Learning more about Frutos

Salvador da Bahia Travel Blog

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The heavy rain from the weekend continued through most of the week putting a damper on our typical activities that revolved around the outdoors. It seems that the people of Salvador are always prepared for rain. When it starts pouring, all of a sudden everyone pulls an enormous umbrella out of nowhere. I always drew a lot of funny looks when I used my small automatic umbrella. The rain doesn't stop people in Salvador from carrying on with their usual activities like it does for us here in California (in the Bay Area, we are huge wimps when there are just a few light drops of rain). On Tuesday evening, it seemed like rain was done so we went to Bencao in Pelourinho. About 10 minutes after we arrived, it started pouring heavily. The fruitstand people told us to come stay dry under their stand. Then my housemate Tammy and I huddled under an umbrella with a few street kids and made our way to a cafe for shelter for a little bit. My sandals kept slipping off because my feet and the ground were so wet. We continued on huddled underneath the umbrella until we were at Habeas Copus, our regular Tuesday night spot. There was a huge crowd and everyone was trying to stay dry under the very limited covered area. It was almost impossible to get a dry table, but thankfully some other volunteers had gotten there early so we joined them. The band was going strong and there were a few hardcore forro-lovin' couples dancing in the rain.

It was an interesting week at Frutos de Maes, the school I was working at. We were starting to learn more of the details of the hardships of the school. They were hard-pressed for money and buying food for the kids' meals with promises to pay the stores back later. The teachers made 200 reais (about 100 dollars) for three months of work and hadn't been paid in three months. We had noticed that one of the better teachers in the school seemed more and more apathetic about her work. She was tired of working for free and told her volunteer that she was quitting that week. Another teacher also quit that week. The teacher for the older kids also disappeared and one day I saw him in an alley by the school playing cards. We heard different stories on the reasons why there was a lack of money for the school. One was that the goverment had given out the money that was necessary to keep the school going but it for some reason it never reached the school. Another was that the school accepted twice the number of kids than it recieved funding for because they couldn't turn kids away. There was definitely no doubt that the school was overcrowded. Regardless of the reason, their financial issues were ongoing which one of the reasons why they relied so much on volunteers at school both local and foreign. There was a very high turnover with teachers and the ones who were there were unmotivated. So volunteers who weren't counting on recieving a paycheck could potentially keep the school afloat.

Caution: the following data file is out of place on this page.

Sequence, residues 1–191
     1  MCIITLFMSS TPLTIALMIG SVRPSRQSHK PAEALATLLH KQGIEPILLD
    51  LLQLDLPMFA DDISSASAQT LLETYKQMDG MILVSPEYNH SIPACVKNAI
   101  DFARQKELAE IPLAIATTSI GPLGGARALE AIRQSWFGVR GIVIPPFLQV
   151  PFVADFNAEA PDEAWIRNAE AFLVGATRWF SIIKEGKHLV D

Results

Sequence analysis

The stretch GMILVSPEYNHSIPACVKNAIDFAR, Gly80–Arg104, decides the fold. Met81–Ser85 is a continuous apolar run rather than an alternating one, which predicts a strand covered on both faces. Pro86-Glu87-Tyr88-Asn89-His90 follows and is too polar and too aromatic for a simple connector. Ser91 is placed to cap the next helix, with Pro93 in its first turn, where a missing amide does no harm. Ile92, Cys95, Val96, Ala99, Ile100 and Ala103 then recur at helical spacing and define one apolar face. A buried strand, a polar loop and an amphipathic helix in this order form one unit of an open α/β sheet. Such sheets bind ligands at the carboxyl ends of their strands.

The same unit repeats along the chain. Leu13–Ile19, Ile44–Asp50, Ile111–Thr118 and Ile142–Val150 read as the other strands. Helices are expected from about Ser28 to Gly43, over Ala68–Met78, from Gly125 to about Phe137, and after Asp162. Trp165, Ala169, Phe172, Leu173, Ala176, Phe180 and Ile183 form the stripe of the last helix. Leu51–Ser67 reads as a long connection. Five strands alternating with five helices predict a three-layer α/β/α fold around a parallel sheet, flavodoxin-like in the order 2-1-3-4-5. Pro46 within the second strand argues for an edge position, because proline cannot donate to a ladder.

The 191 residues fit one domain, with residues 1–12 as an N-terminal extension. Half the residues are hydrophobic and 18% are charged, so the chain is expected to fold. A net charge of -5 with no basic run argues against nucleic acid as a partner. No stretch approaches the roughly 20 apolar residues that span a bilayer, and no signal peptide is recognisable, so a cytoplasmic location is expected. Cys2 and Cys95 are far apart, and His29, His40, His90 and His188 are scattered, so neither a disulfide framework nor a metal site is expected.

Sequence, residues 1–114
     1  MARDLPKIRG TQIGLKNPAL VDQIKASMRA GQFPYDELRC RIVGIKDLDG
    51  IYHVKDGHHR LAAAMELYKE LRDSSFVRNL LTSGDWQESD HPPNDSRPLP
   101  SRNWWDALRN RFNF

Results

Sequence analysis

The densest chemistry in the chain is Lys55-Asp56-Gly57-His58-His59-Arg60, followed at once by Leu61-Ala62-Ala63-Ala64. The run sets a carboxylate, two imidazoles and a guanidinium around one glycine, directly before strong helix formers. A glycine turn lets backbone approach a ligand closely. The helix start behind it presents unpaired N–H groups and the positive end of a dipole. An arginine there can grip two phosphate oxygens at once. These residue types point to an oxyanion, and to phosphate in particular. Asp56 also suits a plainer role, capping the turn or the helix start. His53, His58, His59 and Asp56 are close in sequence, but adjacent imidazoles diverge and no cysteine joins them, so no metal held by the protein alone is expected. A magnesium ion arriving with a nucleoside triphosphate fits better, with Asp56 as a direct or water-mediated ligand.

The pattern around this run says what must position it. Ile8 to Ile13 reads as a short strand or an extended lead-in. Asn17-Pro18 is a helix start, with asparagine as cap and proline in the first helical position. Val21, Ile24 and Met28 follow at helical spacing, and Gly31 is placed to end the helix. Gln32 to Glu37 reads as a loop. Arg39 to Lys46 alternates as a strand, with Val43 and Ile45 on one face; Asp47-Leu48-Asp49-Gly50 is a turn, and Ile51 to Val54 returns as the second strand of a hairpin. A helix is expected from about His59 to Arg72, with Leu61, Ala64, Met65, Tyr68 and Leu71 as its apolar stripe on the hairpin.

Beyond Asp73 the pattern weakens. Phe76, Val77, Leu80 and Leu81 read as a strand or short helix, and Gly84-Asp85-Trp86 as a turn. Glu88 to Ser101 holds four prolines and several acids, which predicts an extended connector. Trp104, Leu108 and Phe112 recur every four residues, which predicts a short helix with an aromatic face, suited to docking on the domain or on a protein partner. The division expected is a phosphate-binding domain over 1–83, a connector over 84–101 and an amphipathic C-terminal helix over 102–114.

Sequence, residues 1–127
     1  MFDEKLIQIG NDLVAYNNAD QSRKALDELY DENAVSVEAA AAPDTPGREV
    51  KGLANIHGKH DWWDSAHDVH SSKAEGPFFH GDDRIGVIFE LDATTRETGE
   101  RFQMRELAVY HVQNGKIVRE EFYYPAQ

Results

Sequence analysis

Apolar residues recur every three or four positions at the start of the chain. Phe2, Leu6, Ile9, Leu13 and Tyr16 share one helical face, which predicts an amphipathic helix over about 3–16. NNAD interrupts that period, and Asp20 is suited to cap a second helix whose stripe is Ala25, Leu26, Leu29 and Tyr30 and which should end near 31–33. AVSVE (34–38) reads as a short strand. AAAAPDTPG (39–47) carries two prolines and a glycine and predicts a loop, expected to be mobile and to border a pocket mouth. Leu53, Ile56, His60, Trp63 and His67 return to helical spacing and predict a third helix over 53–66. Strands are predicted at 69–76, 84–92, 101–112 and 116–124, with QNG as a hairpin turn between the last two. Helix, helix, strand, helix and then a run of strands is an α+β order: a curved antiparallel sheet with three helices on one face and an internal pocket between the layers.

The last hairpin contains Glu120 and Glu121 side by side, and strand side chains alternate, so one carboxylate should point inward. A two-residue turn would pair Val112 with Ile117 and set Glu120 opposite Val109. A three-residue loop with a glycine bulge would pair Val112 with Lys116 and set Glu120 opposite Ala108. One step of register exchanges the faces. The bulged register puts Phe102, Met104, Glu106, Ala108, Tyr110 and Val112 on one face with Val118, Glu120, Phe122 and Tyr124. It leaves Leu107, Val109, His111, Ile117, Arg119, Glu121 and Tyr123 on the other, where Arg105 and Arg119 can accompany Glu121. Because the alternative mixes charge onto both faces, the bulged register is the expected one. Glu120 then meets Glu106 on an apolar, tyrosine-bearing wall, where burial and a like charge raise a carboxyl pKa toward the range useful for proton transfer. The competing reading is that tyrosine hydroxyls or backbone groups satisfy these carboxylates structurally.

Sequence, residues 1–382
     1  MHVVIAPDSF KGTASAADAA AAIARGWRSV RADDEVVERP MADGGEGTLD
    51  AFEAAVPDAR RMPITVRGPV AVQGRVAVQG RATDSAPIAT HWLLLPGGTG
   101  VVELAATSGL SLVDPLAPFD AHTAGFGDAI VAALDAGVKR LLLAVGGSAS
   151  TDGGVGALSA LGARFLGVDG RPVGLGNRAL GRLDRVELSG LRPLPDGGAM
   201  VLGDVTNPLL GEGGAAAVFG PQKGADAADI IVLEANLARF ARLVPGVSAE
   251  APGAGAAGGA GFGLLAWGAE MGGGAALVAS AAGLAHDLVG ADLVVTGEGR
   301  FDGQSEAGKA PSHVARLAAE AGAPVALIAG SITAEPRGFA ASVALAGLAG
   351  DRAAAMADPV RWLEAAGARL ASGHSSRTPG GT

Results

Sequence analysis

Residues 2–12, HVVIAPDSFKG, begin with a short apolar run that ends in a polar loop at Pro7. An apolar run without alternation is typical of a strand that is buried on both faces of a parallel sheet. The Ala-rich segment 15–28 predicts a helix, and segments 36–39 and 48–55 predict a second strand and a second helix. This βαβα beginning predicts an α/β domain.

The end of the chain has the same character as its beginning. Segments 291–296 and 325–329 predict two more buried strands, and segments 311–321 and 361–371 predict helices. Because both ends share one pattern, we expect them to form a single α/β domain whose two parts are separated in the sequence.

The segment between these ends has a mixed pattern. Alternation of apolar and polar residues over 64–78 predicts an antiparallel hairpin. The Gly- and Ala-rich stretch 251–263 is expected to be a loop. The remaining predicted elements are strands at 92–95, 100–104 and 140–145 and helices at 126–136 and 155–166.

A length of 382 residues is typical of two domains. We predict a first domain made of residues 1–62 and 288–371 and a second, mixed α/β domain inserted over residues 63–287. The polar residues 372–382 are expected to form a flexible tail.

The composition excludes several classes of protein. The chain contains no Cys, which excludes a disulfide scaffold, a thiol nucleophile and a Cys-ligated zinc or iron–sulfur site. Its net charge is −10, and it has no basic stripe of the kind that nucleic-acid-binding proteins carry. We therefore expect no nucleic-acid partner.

My roommate Romy put in a request to the staff learn more about Candomble so they arranged a trip to visit terreiros (Candomble houses) with Fred, who would be our guide. Fred was a local professor who had given talks at the house and lead some CCS field trips. He explained the history of Candomble and its roots in West Africa and how it has been maintained over generations by Afro-Brazilians. The slave owners viewed the native religions of West Africa as paganism and witchcraft and banned them. But through syncretism, the defiant slaves secretly kept practicing their religion. They covered it up by assigning Catholic saints to their Orixas and they hid ritual objects behind Christian altars. Even after the end of slavery, Candomble was still considered to be taboo, but since then it has become more widely accepted. People of all races and classes are now followers of Candomble and many aspects of it are a major part of Bahian culture. The first house we went to was for Oxum, the Orixa of love, beauty and fertility. Next, we stopped at a house for Iemanja, the mother of living things and the owner of waters. Iemanja is one of the most popular Orixas in Salvador which makes sense because so much of life there revolves around the ocean. The house was right on the beach in the Rio Vermelho neighborhood of Salvador. Every February 2nd on that beach there is a celebration for Iemanja. Fishmerman take offerings of flowers, jewelry, perfume and other things to the sea. Of course, this is followed by a party!
sirenn9 says:
Your blog rocks! I definitely want to go to Brazil now!
Posted on: Jul 18, 2007
Eric says:
Am enjoying reading your blog! It is very well written and a great mix of history, narrative, and culture. Sounds like you had a great time in Brazil and I hope that you are enjoying reliving your experiences by sharing them with us.
Posted on: Apr 01, 2007
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